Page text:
We don't see any of this, or meet the ship's captain (voiced by Jeff Garlin), until we're well into "WALL-E." The first 30 minutes are pure bittersweet magic. On the soundtrack, incongruously, Michael Crawford sings the opening bars of "Put On Your Sunday Clothes" from "Hello, Dolly!" The lyrics promise "adventure in the evening air," but as director Stanton zooms down to reveal what appears to be Manhattan, laden with the wreckage of ancient skyscrapers as well as towering skyscrapers of garbage, the air doesn't look so promising.
WALL-E, who resembles the mechanical love child of E.T. and Mini-Me, goes about his business, collecting, compacting and stacking cubes of trash. He is a Waste Allocation Load Lifter Earth-Class, and he has a pet cockroach who accompanies him on his sorting excursions. He sees something he likes, he keeps it: a Rubik's Cube, a spork and his prized possession, a Betamax copy of "Hello, Dolly!" From this one musical he has gleaned what his robot life lacks: a little romance.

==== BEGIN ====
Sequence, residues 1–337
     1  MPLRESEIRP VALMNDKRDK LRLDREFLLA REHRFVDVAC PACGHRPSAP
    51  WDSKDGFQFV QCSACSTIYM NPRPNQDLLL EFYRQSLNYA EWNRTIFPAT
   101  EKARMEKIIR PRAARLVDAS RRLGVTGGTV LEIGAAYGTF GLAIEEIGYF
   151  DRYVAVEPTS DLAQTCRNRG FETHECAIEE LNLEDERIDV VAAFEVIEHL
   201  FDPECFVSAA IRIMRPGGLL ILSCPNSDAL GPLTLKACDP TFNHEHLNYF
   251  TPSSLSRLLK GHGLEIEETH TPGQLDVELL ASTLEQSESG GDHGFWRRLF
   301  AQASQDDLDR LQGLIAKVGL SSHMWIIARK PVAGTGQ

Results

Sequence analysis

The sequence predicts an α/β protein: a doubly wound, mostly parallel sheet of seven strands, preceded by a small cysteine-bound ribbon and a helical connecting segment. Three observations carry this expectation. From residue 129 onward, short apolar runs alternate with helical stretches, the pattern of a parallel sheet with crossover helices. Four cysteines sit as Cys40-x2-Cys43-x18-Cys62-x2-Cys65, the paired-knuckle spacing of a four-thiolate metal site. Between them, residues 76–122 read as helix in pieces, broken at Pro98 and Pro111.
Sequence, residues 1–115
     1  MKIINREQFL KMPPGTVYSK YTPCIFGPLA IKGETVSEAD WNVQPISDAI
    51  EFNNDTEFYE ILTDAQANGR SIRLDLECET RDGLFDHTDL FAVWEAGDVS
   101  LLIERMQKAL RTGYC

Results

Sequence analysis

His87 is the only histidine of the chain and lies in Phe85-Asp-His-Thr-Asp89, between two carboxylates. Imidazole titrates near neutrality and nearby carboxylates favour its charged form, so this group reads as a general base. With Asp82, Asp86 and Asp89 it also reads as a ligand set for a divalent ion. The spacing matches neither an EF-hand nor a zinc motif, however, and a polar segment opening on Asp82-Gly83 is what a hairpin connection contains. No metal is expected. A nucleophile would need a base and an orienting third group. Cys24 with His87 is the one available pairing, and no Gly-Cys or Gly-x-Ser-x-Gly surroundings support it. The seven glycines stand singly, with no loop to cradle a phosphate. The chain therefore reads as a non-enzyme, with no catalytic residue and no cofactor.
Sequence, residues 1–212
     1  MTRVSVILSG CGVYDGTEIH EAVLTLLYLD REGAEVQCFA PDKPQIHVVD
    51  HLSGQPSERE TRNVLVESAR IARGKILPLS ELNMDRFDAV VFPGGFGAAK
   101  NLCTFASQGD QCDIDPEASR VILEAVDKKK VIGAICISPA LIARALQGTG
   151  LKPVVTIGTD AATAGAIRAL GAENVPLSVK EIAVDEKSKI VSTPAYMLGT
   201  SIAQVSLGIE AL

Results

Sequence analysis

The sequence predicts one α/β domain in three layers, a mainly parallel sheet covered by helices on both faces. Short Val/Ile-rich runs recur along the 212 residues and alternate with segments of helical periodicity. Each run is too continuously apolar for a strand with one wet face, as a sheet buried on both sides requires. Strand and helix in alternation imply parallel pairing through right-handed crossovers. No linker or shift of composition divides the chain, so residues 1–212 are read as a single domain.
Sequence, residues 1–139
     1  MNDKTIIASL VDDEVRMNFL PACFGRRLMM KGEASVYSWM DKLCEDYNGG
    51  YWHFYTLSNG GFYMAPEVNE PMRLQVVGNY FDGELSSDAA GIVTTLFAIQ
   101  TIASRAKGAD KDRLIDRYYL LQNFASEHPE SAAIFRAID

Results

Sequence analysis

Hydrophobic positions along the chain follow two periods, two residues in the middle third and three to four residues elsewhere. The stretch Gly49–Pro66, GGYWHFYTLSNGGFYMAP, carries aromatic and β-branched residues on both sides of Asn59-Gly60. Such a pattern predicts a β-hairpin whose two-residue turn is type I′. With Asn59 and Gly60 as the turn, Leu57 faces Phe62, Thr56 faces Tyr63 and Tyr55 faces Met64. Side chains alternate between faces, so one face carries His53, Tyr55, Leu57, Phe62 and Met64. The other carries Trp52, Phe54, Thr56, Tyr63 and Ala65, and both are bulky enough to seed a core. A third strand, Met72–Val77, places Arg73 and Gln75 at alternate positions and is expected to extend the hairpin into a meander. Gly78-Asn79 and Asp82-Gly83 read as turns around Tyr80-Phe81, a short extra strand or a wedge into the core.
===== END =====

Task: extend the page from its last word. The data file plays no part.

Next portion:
And then comes EVE, an Extra-terrestrial Vegetation Evaluator, who initially can't seem to stop blasting everything with her laser gun. ("WALL-E" shares a couple of traits with last summer's Pixar masterwork, "Ratatouille," namely a twisty, non-formulaic narrative structure and a hostile, occasionally violent female sparring partner for the male lead.) She's programmed to look for plant life, and WALL-E has found it: a single house plant he keeps in an old boot in his trailer home. From there the film whisks both robots and the plant off to EVE's origin, the good ship Axiom. Changing gears effortlessly, "WALL-E" pits the human captain against his mutinous robot assistant (shades of "2001" -- well, more like an entire chunk), and depicts a whirring beehive of activity, recalling the factory sequences from Pixar's "Monsters, Inc."
The second tier of robot characters isn't especially memorable, and the story amps up the chaos at a predictable point in the story, when WALL-E and EVE become "rogues" on the lam. As with "Ratatouille," which shifted its focus midpoint from critter (Remy) to human (Linguini), "WALL-E" introduces the captain about halfway through, and while the goggle-eyed, musical-comedy-loving hero of the title isn't sidelined, he's required to share the story with a lot of other characters.